Hay for Play

While hay should be the main diet for herbivorous small pets, it can also provide enrichment for them and for other burrowing rodents.


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For herbivorous animals such as rabbits, guinea pigs, chinchillas and prairie dogs, grass hay should form the bulk of the diet. Its high fiber content is needed to keep the digestive tracts of these animals working properly. Without this insoluble fiber, commonly called “roughage,” the large intestines can become sluggish, resulting in a number of health problems. Their teeth, which grow continuously, can also overgrow if there isn’t enough fiber in their diets to keep them worn down. Herbivorous pets must be allowed to eat grass hay free-choice to help keep them healthy.

 

Grass hay is not the same thing as alfalfa hay. Grass hay is, as its name implies, made from grass that has been cut and allowed to dry. Timothy hay is the most common type of grass hay sold commercially, but other types are available, such as oat, meadow and orchard grass hay. Alfalfa hay is made from the alfalfa plant, which is not grass but a legume, in the same family as beans and peas. Alfalfa hay contains less fiber and more protein, energy and calcium than grass hay. It contains too much protein and calcium to be given to adult rabbits and guinea pigs free-choice, and is better as just a treat for them. Growing herbivores need more protein and therefore can have more alfalfa hay in their diets.

 

Both grass and alfalfa hay have two parts: the leaves and the stems. The leaves are more nutritious and the stems are more fibrous, and most herbivores prefer to eat the leaves first. But this doesn’t mean that the stems are inedible. Because they are higher in fiber, they are the most beneficial in stimulating the proper functioning of the digestive tract.

 

Home Sweet Home

The wild ancestors of small herbivorous pets lived in grasslands, so grass is their natural environment. Hay is the closest thing to live grass most pet herbivores get to see, so grass hay can also be a source of comfort and entertainment for them. The animals enjoy running through it, moving it around, carrying it into their nests, sitting on it, hiding in it and sleeping in it. A big pile of hay is a fun gift small animal owners can give their pets.

 

Many owners of rabbits and other herbivores like to offer grass hay to their pets in an elevated rack to prevent it from being soiled, but the animals prefer it to be scattered in their cages. When customers buy hay, employees can ask how they serve it to the animals and explain why the pets like it on the floor. If a customer complains that hay on the floor of the cage gets soiled and trampled, so they must spend more money to replace it, staff members can say, “Yes, that’s true, but your pets will be happier if they can play in their hay.”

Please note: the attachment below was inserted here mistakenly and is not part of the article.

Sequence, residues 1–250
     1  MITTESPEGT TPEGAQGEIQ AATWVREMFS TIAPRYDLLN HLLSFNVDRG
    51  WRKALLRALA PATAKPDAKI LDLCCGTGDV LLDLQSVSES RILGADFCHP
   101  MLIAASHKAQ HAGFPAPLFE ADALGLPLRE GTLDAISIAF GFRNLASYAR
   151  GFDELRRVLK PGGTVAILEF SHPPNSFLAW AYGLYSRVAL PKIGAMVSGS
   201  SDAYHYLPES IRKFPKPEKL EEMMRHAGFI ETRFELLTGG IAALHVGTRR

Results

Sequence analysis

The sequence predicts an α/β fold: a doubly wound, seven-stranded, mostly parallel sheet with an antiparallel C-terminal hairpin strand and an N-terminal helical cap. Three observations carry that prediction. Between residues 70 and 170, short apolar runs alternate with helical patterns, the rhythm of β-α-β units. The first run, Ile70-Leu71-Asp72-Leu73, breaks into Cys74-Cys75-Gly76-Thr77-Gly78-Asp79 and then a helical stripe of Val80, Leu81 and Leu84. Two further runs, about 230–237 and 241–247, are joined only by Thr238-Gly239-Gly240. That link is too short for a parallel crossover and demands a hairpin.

Although hay is not very digestible for rats, mice, hamsters and gerbils, it can provide enrichment and playful inspiration for them too. These small rodents are all natural burrowers, and hay can give them the opportunity to engage in this behavior. They delight in being able to burrow and dig in hay, and they can use it to make nests. Besides giving small pets a new activity, hay can also provide new sensory experiences, offering new textures, sounds, smells and tastes for them to investigate while playing. This is especially true of the packages of hay that include a variety of different herbs, since the herbs are likely to be edible for rodents, even if the hay itself is not.

 

Play It Up

Some hay products are packaged in ways that help market its appeal as enrichment for small pets. Look for hay stuffed into various size boxes and perhaps stock a few of these next to the toys for small rodents. A sign saying “Ask us about hay for play!” can help teach customers about this opportunity for their pets.

 

When shoppers purchase products for small rodents, employees can ask them about their pets and what toys and entertainment the owners provide for them. They can ask if the customer has ever bought a bag of hay for their rats, and point out that they just love to burrow and play in it.

 

Consider handing out a coupon for a bag of hay to customers purchasing food for small rodents to encourage them to give it a try. Once they see how much their pets enjoy playing in the hay, it will be a regular item on their shopping lists. PB

 

Debbie Ducommun has a B.A. in animal behavior and has worked in the animal field since 1982. She is the author of three books about rat care, health, and training, and was a consultant on the movie Ratatouille.

 

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